• What “morally equivalent plans” are (and why they’re a good thing)
  • How to see if a query has a high variation in performance
  • How to decide, “Should I force this plan?” and “Should I let SQL Server force plans for me?”

Register for this free session here

But wait, there’s more

I’m not the only one giving cool sessions that day — check out more free sessions at the Idera Live Virtual Conference.

Hope to see you there!

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Sys.dm_db_tuning_recommendations Makes Suggestions if Automatic Tuning isn’t Enabled

Dinosaur gives a hint: I really wouldn't put the stove THERE
Dinosaur gives a hint: I really wouldn't put the stove THERE
Just a suggestion

I naturally think about the new sys.dm_db_tuning_recommendations DMV when I’m working with the new Automatic Tuning feature in SQL Server 2017.

But I came across a post by Grant Fritchey recently, in which he remarked in the conclusion:

 Even if you don’t use [Automatic Tuning], you can take advantage of the information in sys.dm_db_tuning_recommendations as a starting point for adjusting your own plans.

WHAAAAAAT?

I had assumed that recommendations would only show up in  sys.dm_db_tuning_recommendations if I’d enabled automatic tuning for the database. I hadn’t even thought to test looking at the DMV if Query Store was set up but Automatic Tuning was disabled.

What does the recommendation look like if tuning is disabled?

I had to know, so off to my test database! I did a fresh restore of my database, configured and enabled Query Store, and then made sure that automatic tuning was off:

ALTER DATABASE current
SET AUTOMATIC_TUNING (FORCE_LAST_GOOD_PLAN = OFF);
GO

I verified that at this point,  sys.dm_db_tuning_recommendations didn’t have any rows.

Then I ran a workload where a query gets a “faster” plan that executes 102 times, suffers a recompile (whoops!) and then runs again with a “slow” plan that executes another 102 times.

Sure enough, I got a recommendation

Even though automatic tuning wasn’t enabled, SQL Server picked up on the performance changes. I got a recommendation in sys.dm_db_tuning_recommendations.

  • reason: Average query CPU time changed from 2127.84ms to 66291.9ms
  • state: {“currentValue”:”Active”,”reason”:”AutomaticTuningOptionNotEnabled”}

The details also include the query id in question, and the plan_id of the “fast plan”.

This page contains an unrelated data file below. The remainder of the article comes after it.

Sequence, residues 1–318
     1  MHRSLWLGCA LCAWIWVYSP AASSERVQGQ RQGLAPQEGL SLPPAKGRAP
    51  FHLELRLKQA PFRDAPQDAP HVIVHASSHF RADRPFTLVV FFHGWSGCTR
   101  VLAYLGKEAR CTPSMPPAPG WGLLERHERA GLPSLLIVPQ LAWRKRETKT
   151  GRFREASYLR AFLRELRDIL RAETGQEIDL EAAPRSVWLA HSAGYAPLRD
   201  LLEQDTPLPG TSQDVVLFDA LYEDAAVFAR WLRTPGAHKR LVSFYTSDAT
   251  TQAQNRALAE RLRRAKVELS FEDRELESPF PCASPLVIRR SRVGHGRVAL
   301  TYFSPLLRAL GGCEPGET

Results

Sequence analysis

Do the suggestions show up in Standard Edition?

Automatic Tuning is an Enterprise Edition feature in SQL Server.

If you’re like me, your next question was whether suggestions might appear in Standard Edition, even if you can’t formally enable Automatic Tuning.

On my Standard Edition test instance, I can query sys.dm_db_tuning_recommendations, but no suggestions appear when I run my sample workload.

Here’s the workaround for Standard Edition

Don’t worry, Query Store still has your back, you just have to find your own suggestions.

  • Open the new ‘Queries with High Variation’ built in report
  • Set the graph to Metric: CPU Time (ms), Based on Std Dev

My problem query pops right to the top of the list with its fast and slow plans right in the graph.

This does not suck!

It turns out I really should have already known this…

Erin Stellato mentioned this in her excellent session on Query Store and Automatic Tuning with Dejan Krakovic at the SQL PASS Summit last year. It just didn’t sink in the first time I heard it!

I love a good suggestion!

I agree with Grant: I think the automatic tuning suggestions are a great place to start.

Even if you like to have the Automatic Tuning enabled, the fact that it’s adjusting plans for you should be a trigger to looking at the queries and finding a way to keep the plans from being so volatile and needing adjustment.

One note: suggestions disappear when the instance is restarted or the database goes offline — so if you’d like to keep ’em, you need to query them out of sys.dm_db_tuning_recommendations and persist them somewhere yourself.